W3C home > Mailing lists > Public > www-international@w3.org > January to March 2003

URIEquivalence-15: equivalence of %7e/%7E/~ (was:Re: [Minutes] 27 Jan 2003 TAG teleconf (... IRIEverywhere-27,...))

From: Martin Duerst <duerst@w3.org>
Date: Mon, 03 Feb 2003 14:08:16 -0500
Message-Id: <4.2.0.58.J.20030203133714.03ff2c60@localhost>
To: "Ian B. Jacobs" <ij@w3.org>, www-tag@w3.org
Cc: Michel Suignard <michelsu@microsoft.com>, www-international@w3.org

At 20:20 03/01/27 -0500, Ian B. Jacobs wrote:

>Hello,
>
>Minutes of the 27 Jan 2003 TAG teleconf available as
>HTML [1] and as text below.

>   2.3 IRIEverywhere-27

>      [25] http://www.w3.org/2001/tag/ilist#IRIEverywhere-27
>
>    [Ian]

>           TB: Lots of software is already treating %7e and %7E as the
>           same.
>
>    [Chris]
>           that they are equivalent to the *actual character* represented
>           uri spec is way fuzzy on this
>           actual practice is that they are the same
>
>    [Ian]
>           TB: Per 2396, I think Web robots are in their rights; lots of
>           Web robots do this.
>           RF: Yes, that's my understanding.
>           PC: Chris, could you explain impact?
>
>    [DanCon]
>           I think it's straightforward to read the URI spec as saying
>           that [26]http://a/%7E and [27]http://a/%7e are distinct URIs,
>           and may or may not refer to the same resource.
>           roy, you think otherwise?
>
>      [26] http://a/%7E
>      [27] http://a/%7e
>
>    [Roy]
>           I think otherwise
>
>    [Stuart]
>           I read it the same as Dan :-(

>    [DanCon]
>           sigh; each of those URIs is a sequence of 12 characters. they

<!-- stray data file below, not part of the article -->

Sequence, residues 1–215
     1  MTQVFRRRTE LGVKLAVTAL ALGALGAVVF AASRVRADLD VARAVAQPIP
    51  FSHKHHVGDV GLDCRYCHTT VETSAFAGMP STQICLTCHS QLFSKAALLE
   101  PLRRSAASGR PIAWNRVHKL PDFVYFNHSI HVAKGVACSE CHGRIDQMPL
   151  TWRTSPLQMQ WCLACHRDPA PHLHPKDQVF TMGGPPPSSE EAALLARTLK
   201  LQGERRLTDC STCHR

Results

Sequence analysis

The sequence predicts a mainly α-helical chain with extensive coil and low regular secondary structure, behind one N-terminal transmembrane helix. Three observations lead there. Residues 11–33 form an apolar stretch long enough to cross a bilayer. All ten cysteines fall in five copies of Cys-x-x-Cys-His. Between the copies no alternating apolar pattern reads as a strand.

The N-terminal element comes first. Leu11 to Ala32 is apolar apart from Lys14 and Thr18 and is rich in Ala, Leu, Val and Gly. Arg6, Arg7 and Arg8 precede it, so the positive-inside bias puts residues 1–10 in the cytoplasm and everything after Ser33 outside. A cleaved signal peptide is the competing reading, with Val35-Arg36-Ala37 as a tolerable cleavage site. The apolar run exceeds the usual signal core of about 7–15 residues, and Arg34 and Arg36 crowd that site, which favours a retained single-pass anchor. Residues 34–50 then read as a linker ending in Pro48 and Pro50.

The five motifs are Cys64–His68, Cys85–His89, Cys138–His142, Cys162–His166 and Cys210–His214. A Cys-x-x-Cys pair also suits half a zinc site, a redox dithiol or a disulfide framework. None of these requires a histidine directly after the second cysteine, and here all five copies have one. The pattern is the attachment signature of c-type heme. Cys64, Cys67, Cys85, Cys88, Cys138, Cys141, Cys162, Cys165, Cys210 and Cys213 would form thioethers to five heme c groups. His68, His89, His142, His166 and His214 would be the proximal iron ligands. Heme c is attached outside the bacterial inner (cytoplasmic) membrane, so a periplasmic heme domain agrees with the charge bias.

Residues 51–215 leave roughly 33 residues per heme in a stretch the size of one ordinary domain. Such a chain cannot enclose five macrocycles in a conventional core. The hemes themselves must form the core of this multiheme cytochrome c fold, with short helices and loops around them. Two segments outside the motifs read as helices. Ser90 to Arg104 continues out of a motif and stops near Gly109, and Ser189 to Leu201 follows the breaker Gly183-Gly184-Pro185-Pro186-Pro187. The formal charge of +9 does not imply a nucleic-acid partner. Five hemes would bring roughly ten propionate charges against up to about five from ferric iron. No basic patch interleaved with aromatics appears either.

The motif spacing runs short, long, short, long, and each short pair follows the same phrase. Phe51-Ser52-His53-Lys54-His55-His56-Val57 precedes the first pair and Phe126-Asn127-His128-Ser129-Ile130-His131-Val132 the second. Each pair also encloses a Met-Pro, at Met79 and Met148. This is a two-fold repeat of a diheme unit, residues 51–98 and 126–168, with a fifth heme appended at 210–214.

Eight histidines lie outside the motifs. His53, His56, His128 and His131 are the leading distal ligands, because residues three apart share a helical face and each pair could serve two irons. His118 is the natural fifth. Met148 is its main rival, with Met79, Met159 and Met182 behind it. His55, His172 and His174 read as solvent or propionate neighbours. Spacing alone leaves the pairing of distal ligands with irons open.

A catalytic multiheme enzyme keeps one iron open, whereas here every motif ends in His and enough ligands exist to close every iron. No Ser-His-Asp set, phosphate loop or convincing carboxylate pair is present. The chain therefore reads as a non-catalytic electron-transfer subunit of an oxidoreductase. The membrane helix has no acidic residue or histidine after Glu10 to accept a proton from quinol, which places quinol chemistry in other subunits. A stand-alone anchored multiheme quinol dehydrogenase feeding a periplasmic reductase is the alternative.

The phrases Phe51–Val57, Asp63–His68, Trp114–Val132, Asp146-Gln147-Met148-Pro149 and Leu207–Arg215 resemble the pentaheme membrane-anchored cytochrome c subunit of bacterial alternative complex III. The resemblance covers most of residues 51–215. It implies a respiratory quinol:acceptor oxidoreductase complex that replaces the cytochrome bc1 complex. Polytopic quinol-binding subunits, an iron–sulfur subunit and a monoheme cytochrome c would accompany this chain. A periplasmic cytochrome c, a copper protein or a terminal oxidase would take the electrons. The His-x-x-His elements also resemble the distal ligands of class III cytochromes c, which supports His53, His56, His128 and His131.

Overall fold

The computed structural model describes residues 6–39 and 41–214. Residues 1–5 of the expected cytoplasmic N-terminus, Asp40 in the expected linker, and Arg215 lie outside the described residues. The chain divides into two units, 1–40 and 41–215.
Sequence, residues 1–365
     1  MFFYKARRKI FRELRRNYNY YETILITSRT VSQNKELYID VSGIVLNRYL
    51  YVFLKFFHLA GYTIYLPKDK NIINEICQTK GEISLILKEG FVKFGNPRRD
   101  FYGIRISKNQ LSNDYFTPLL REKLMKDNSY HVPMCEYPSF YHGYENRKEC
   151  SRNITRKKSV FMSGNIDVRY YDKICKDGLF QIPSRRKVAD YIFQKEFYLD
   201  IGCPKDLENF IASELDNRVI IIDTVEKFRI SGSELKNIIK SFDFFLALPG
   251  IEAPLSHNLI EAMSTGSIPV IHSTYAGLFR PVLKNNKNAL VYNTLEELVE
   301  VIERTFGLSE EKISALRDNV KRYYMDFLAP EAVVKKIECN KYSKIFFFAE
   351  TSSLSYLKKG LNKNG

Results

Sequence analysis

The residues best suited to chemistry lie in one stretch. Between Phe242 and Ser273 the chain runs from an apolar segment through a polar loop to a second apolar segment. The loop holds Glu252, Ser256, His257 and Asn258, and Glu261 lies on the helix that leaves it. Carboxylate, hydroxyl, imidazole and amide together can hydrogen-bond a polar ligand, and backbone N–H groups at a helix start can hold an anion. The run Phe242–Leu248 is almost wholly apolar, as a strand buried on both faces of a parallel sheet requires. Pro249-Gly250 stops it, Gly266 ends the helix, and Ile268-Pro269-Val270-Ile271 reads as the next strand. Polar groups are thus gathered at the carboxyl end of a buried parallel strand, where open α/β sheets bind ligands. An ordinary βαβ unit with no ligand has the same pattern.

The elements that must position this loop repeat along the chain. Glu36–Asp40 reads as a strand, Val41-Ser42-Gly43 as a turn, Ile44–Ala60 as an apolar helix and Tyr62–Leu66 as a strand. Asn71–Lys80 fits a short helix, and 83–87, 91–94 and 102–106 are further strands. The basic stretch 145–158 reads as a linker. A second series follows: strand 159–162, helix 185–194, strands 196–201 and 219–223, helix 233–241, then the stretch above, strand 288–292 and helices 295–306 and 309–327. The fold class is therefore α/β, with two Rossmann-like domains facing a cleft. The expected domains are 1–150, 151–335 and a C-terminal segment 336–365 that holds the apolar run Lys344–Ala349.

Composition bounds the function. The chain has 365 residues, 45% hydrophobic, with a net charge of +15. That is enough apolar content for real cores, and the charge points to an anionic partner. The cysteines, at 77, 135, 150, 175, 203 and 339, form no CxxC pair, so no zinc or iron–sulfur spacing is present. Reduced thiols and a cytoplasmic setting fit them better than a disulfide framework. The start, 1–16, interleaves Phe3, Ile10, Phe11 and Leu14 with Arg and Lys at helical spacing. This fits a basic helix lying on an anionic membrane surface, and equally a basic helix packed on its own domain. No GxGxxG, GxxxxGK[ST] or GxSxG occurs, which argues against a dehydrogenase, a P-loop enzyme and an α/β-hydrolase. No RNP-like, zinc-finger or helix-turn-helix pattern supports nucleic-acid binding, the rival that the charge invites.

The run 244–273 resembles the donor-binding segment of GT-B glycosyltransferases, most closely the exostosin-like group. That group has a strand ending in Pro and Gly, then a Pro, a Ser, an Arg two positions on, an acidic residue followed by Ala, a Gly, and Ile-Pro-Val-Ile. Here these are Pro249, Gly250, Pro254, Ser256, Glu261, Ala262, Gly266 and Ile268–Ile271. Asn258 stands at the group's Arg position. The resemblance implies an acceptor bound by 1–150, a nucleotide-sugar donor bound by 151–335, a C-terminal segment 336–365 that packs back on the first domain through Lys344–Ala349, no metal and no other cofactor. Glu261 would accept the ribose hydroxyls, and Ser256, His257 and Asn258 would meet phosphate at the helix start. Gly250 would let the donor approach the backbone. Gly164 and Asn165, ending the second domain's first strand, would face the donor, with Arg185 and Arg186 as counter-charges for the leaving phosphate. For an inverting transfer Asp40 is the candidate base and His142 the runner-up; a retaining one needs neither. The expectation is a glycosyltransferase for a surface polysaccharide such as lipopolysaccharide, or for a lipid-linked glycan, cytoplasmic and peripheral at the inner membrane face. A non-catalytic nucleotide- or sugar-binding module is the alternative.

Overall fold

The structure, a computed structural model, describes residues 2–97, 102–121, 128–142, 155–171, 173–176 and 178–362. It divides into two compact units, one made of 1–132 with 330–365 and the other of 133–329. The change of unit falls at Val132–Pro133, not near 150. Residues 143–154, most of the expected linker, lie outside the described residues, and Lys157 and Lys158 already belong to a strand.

>           differ in their 12th character. hence they're different URIs.
>           RFC2396 says otherwise?

>    [Chris]
>           it means that the *actual kanji* and the sequence of hexifyied
>           octets compare to the same
>           which helps in roundtripping a very great deal

>    [TBray]
>           was ignoring IRC... yes, lots of software will decide those two
>           URIs are the same in their cache
>
>    [Chris]
>           no, %7e is one octet

>    [Zakim]
>    DanCon, you wanted to suggest the value of having %7E specified to be
>           equivalent to %7e is purely aesthetic, and not *nearly* worth
>           the cost.



So let's look at RFC 2396 on this:

First, we find in '1.1 Overview of URI'

      URI are characterized by the following definitions:

       Uniform
          Uniformity provides several benefits: it allows different types
          of resource identifiers to be used in the same context, even
          when the mechanisms used to access those resources may differ;
          it allows uniform semantic interpretation of common syntactic
          conventions across different types of resource identifiers;

   The %-escape convention can definitely be seen as a 'common syntactic
   convention'.


Next, "2.1 URI and non-ASCII characters" says:

    A URI scheme may define a mapping from URI characters to octets;
    whether this is done depends on the scheme. Commonly, within a
    delimited component of a URI, a sequence of characters may be used to
    represent a sequence of octets. For example, the character "a"
    represents the octet 97 (decimal), while the character sequence "%",
    "0", "a" represents the octet 10 (decimal).

  This is rather confusing. It says 'a scheme may define', but then
  goes on positively as 'the character "a" represents the octet 97 (decimal)'.